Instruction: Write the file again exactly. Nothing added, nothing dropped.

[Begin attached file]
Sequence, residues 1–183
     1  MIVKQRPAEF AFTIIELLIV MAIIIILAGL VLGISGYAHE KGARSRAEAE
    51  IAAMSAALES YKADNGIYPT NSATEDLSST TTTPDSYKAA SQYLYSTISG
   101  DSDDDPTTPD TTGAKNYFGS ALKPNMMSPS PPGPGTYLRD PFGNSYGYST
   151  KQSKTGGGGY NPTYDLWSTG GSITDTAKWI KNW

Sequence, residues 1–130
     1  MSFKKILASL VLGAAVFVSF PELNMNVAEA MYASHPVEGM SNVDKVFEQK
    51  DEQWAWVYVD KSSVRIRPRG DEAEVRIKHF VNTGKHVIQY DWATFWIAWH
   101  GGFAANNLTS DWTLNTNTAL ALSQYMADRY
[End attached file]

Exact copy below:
Sequence, residues 1–183
     1  MIVKQRPAEF AFTIIELLIV MAIIIILAGL VLGISGYAHE KGARSRAEAE
    51  IAAMSAALES YKADNGIYPT NSATEDLSST TTTPDSYKAA SQYLYSTISG
   101  DSDDDPTTPD TTGAKNYFGS ALKPNMMSPS PPGPGTYLRD PFGNSYGYST
   151  KQSKTGGGGY NPTYDLWSTG GSITDTAKWI KNW

Sequence, residues 1–130
     1  MSFKKILASL VLGAAVFVSF PELNMNVAEA MYASHPVEGM SNVDKVFEQK
    51  DEQWAWVYVD KSSVRIRPRG DEAEVRIKHF VNTGKHVIQY DWATFWIAWH
   101  GGFAANNLTS DWTLNTNTAL ALSQYMADRY